| 122.17 g/mol|
4-Dimethylaminopyridine (DMAP) is a derivative of pyridine with the chemical formula (CH3)2NC5H4N. This colourless solid is of interest because it is more basic than pyridine, owing to the resonance stabilisation from the NMe2 substituent.
Because of its basicity, DMAP is a useful nucleophilic catalyst for a variety of reactions such as esterifications with anhydrides, the Baylis-Hillman reaction, hydrosilylations, tritylation, the Steglich rearrangement, Staudinger synthesis of β-lactams and many more. Chiral DMAP analogues are used in kinetic resolution experiments of mainly secondary alcohols and Evans auxiliary type amides.
DMAP can be prepared in a two-step procedure from pyridine, which is first oxidized to 4-pyridylpyridinium cation. This cation then reacts with dimethylamine:
In the case of esterification with acetic anhydrides the currently accepted mechanism involves three steps. First, DMAP and acetic anhydride react in a pre-equilibrium reaction to form an ion pair of acetate and the acetylpyridinium ion. In the second step the alcohol adds to the acetylpyridinium, and elimination of pyridine forms an ester. Here the acetate acts as a base to remove the proton from the alcohol as it nucleophilically adds to the activated acylpyridinium. The bond from the acetyl group to the catalyst gets cleaved to generate the catalyst and the ester. The described bond formation and breaking process runs synchronous concerted without the appearance of a tetrahedral intermediate. The acetic acid formed will then protonate the DMAP. In the last step of the catalytic cycle the auxiliary base (usually triethylamine or pyridine) deprotonates the protonated DMAP, reforming the catalyst. The reaction runs through the described nucleophilic reaction pathway irrespective of the anhydride used, but the mechanism changes with the pKa value of the alcohol used. For example, the reaction runs through a base-catalyzed reaction pathway in the case of a phenol. In this case, DMAP acts as a base and deprotonates the phenol, and the resulting phenolate ion adds to the anhydride.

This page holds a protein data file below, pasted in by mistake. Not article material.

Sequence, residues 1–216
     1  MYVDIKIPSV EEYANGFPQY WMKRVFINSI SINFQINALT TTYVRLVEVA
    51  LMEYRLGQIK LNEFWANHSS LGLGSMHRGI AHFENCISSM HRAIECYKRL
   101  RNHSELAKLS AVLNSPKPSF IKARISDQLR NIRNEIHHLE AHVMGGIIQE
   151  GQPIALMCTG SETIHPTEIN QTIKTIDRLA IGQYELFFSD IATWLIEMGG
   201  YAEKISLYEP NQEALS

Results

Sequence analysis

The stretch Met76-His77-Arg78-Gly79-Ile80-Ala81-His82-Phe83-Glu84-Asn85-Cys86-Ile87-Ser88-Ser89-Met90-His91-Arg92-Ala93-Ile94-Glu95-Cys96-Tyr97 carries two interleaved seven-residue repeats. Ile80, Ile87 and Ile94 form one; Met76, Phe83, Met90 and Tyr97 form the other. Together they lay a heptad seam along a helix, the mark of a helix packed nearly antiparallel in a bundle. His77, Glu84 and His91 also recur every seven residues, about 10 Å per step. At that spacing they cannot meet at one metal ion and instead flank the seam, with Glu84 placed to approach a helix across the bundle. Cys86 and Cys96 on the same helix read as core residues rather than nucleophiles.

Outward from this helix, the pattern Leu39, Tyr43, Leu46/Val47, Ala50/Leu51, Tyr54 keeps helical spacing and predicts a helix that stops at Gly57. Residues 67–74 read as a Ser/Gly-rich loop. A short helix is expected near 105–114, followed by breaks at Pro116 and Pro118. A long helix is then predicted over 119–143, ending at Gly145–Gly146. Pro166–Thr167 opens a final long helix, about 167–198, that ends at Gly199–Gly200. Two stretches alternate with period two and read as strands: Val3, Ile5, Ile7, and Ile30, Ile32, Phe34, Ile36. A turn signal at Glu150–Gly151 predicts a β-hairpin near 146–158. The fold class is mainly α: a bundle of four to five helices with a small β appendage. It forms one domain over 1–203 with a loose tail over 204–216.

DMAP has a relatively high toxicity and is particularly dangerous because of its ability to be absorbed through the skin. It is also corrosive.